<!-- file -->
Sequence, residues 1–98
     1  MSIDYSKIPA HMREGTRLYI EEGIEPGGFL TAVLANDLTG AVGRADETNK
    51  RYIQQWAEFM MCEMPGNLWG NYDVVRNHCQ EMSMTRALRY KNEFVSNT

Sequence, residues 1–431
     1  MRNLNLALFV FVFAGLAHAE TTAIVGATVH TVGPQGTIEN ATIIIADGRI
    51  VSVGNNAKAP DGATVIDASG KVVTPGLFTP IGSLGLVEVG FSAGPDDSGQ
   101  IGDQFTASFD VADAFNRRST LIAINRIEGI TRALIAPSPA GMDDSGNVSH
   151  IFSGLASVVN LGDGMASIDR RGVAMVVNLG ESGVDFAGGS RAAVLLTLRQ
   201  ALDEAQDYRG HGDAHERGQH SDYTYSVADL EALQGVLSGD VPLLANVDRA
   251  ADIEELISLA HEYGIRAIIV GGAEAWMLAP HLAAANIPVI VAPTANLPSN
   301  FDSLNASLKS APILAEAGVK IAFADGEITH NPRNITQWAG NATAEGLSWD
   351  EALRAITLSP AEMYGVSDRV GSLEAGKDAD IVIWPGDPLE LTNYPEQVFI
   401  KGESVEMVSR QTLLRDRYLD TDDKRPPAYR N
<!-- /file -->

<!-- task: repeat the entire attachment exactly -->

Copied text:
Sequence, residues 1–98
     1  MSIDYSKIPA HMREGTRLYI EEGIEPGGFL TAVLANDLTG AVGRADETNK
    51  RYIQQWAEFM MCEMPGNLWG NYDVVRNHCQ EMSMTRALRY KNEFVSNT

Sequence, residues 1–431
     1  MRNLNLALFV FVFAGLAHAE TTAIVGATVH TVGPQGTIEN ATIIIADGRI
    51  VSVGNNAKAP DGATVIDASG KVVTPGLFTP IGSLGLVEVG FSAGPDDSGQ
   101  IGDQFTASFD VADAFNRRST LIAINRIEGI TRALIAPSPA GMDDSGNVSH
   151  IFSGLASVVN LGDGMASIDR RGVAMVVNLG ESGVDFAGGS RAAVLLTLRQ
   201  ALDEAQDYRG HGDAHERGQH SDYTYSVADL EALQGVLSGD VPLLANVDRA
   251  ADIEELISLA HEYGIRAIIV GGAEAWMLAP HLAAANIPVI VAPTANLPSN
   301  FDSLNASLKS APILAEAGVK IAFADGEITH NPRNITQWAG NATAEGLSWD
   351  EALRAITLSP AEMYGVSDRV GSLEAGKDAD IVIWPGDPLE LTNYPEQVFI
   401  KGESVEMVSR QTLLRDRYLD TDDKRPPAYR N